14 JUNE 2001
Traces of chemicals 2,4,5-T and 2,4-D have been found in a pool of discoloured and smelly sea water at the foot of cliffs bordering Dow Agroscience’s Waireka research station.
The discovery will add fuel to the debate over whether the herbicides manufactured at Dow’s New Plymouth Paritutu plant caused health problems among residents.
But the Taranaki Regional Council yesterday played down the discovery, made by a member of the public walking along the beach in late April.
The pool water was green and had an odour that could be smelled 10m away. Results of tests on the water were released yesterday.
TRC technical services manager Gary Bedford said the council had always known traces of the chemicals were occasionally leaking from the cliff.
Mr Bedford said the levels of chemicals detected in the pool ranged from 2.2 parts per billion (ppb) to 4.4ppb. As well as 2,4,5-T and 2,4-D the water contained the herbicides MCPA and Picloram.
“All four are within the New Zealand drinking water standards,” Mr Bedford said.
TRC resource management director Bill Bayfield told the council’s consents and regulatory committee yesterday that the chemicals found were at levels “of no environmental consequence” and did not breach Dow’s consent conditions.
But committee member Neil Walker was concerned at the find and wanted answers “It seems to me to be a bit strange. You have a pool with a number of chemicals in it.
How it got there is a concern. I want to know how this came about,” Mr Walker said.
Mr Bayfield said the leachate, believed to be from the old Waireka chemical dump site, had been a problem since the dump was first found to be leaking chemicals in the early 1980s.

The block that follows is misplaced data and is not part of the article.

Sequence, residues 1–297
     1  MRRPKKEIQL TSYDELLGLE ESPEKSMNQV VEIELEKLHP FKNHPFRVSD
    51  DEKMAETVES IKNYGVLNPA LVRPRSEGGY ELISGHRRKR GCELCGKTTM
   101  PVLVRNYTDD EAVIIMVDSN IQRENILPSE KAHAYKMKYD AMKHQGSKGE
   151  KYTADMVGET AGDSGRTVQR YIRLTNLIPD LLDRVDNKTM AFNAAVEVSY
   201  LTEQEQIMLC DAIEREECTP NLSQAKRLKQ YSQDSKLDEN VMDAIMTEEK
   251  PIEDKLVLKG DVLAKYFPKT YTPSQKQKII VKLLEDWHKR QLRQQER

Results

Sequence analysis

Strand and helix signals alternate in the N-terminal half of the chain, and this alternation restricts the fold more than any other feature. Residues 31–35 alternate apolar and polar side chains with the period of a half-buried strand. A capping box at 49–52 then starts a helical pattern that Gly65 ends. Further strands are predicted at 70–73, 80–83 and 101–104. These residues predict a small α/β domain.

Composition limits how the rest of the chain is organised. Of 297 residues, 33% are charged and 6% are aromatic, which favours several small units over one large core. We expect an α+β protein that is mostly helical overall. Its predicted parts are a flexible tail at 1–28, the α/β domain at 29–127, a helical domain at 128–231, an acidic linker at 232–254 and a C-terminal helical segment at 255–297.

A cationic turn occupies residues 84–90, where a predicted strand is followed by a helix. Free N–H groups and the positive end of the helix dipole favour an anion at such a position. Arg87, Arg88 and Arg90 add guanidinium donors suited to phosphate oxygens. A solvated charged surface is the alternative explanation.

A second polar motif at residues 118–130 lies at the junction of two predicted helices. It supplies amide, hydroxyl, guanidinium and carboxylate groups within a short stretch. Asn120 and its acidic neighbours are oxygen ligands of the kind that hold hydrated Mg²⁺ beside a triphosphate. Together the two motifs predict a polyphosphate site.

After that discovery, a new, supposedly secure site was developed about 300m away, and further away from the cliff.
“There has always been an odour there and sometimes it has been very strong. It has tailed off though,” he said. Since 1984 there had been a system at the site which took any leachate from the cliff to the secure dump site. Three years ago that leachate system was removed after the amount of contamination went down to non-significant levels, he said.
“But we have never stopped checking. We go there three times a year to check the foreshore for that purpose and we will do that for the foreseeable future.
“Why it chose to give out an odour on this particular day, I don’t know,” Mr Bayfield said. “We anticipate that for the next decade or so we will probably have low levels of leachate there.”
Dow Agrosciences operations leader Jim Guidarini said the chemical find was not a concern to the company. He presumed the chemicals were residue from the old Waireka dump site.
“We sample there regularly as part of our consent and, as you have heard from the TRC, it is consistent with past sampling. If the levels are not significant, why is that an issue at all?”
When combined, certain components of 2,4-D and 2,4,5-T make Agent Orange, a defoliant used by the United States during the Vietnam War.
Meanwhile, the results of soil tests at suspected New Plymouth dioxin dump sites could take longer than first thought.
Mr Bayfield said the council had completed dioxin tests on more than half the 31 suspected dump sites, but had been advised that results from AgriQuality might not be available until towards the end of the year.
14 JUNE 2001 | Daily News (
New Plymouth) |By Rochelle Warrander